Deagan 510 vibes setup with pickups, pedals and a new look on life
Hey everybody, I just got back from a multi week tour with a new vibraphone setup and want to share and evangelize the results:)
Here's the situation, Over the years I have tried various ways to perform with vibes where I incorporate effects. This has usually been for electronica or funk/Hip hop groups. It has always been a hassle for a variety of reasons.
- carefully rolling and un-rolling the keys takes time
- plugging in the 37 piezo's takes time
- Stuff gets broken, (often at 2 AM after the gig, or 4 minutes before the gig starts)
- If the monitor system at the venue is not well adjusted I only hear the acoustic sound while the audience may be hearing only FX's (which I boost too much because I can't hear the FX's properly)
-Hauling around a M-55 with 4 cases and pedals, amps etc.. sucks! You need a large car and if you intend to fly you can estimate $300-$400 each way.
-you can rent a vibraphone at each venue, but then you need to bring your own keys and K&K (or I guess Omega) rails, but again, baggage and rental fees. And if the frame doesn't fit the keys, your kinda screwed.
I knew I had a tour coming up in the next few months and really wanted to use FX's on the vibes. The reason is because it is a duo of guitar/voice and vibes playing for audiences that usually listen to folk/roots/americana etc... . I find these audiences quite sophisticated, they are there to listen, they know there music, and they like variety, as they used to listening to violin, piano, guitar, dobro, banjo etc... . Now, personally I can barely stand to listen to vibraphone on every song for a couple hours, unless it's someone who plays a lot better than me, so I thought I better see how much variety I can give; find new ways to play the vibes, and new sounds that will honor and elevate the music I was playing.
The challenge would be how to practically make this happen as I had 6 flights booked on the tour, and we we wanted to rent a regular sized car (instead of a van) for the other dates to keep the expenses down.
So I found an old Deagan 510, got it tuned, took off the motor, put the resonators in storage, had Dieter make the pickups and started experimenting.
I needed the setup to do a few things..
1 - sound like a decent acoustic vibraphone with tremolo.
2 - be able to play rich oscillating pads like on a B3
3 - occasionally make some really weird sounds
#1 I got very lucky, the Deagan 510 sounds fantastic (I use a tremello pedal and a little reverb for the acoustic sound), I was very hesitant about using the thin keys ( I think there is a stigma about non-graduated keys, I know I personally always snubbed small instruments as inferior) But maybe it's because it's old (1959) and they used quality metal at that period, or just that I prefer the deagan sound (I had an Aurora for 15 years), which I find a little dryer, and more articulate, but I'm very happy with the direct sound thru the pickups (more so than my m-55). The biggest challenge of the small keys is in the left hand, picking out those bass notes, but on the plus side, if you are doing right hand octaves (like Tony taught me, Thanks Tony!) the distance never changes.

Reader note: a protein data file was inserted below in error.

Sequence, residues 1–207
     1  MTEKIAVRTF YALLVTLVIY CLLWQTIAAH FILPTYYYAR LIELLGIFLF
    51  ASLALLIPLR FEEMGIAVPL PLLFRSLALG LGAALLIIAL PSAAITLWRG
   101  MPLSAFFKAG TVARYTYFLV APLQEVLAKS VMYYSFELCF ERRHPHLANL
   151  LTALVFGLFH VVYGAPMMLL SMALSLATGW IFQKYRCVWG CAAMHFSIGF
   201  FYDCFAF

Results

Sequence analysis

#2 after experimenting I came up with the combination of 2 pedals; EHX Pog2, which is a 5 way octave splitter and the EHX Lester G which is a leslie speaker emulator with built in compression and distortion. These 2 pedals in combo can recreate a pretty decent organ patch and with the vibes sound mixed in you get something both original yet familiar.
#3 I use an EHX Memory Man, and reverb pedal for freaky delays and modulations
The vibes pack in 1 soft case (which is the soft case for my M-55) It weighs 65 pounds (30 KG) so although it is an overweight bag, I pay $100 and am allowed to fly. Over 70 pounds and you simply can't bring it on the plane.(It also fits in the back seat of most cabs, in Europe as well) The pedals and mallets all go in a pedalboard case which is a carry-on.
By the way, I do have a malletkat as well, and yes, the simplicity of sound control is very good are doing innovative thing (shout-out to Tyler Blanton), but I just don't like the way it feels when I'm playing with delicate acoustic instruments.
Well that was a lot of bla-bla bla... Here are a couple low quality videos..... i think I got the setup down to 4 minutes.
setting up and a few funny sounds: https://youtu.be/OwH92nenE-w
introducing the pedals : https://youtu.be/NfO35fXQzS4
So, I hope you found this interesting and maybe inspire you to think of ways to help get the vibraphone heard by more people. During this last tour, inevitably every night after the show someone would come up to me and say "I have never seen a vibraphone" or "how come no one plays vibes any more". I think the reason is one of access, it's hard to carry the instrument around, it's expensive, bandleaders don't think to use it in their groups, and synth's do a fairly decent recreation of the sound (at least when plying simple single lines) It's up to us to spread the sound, show the versatility of the instrument, and amaze audiences with this completely pain in the ass instrument.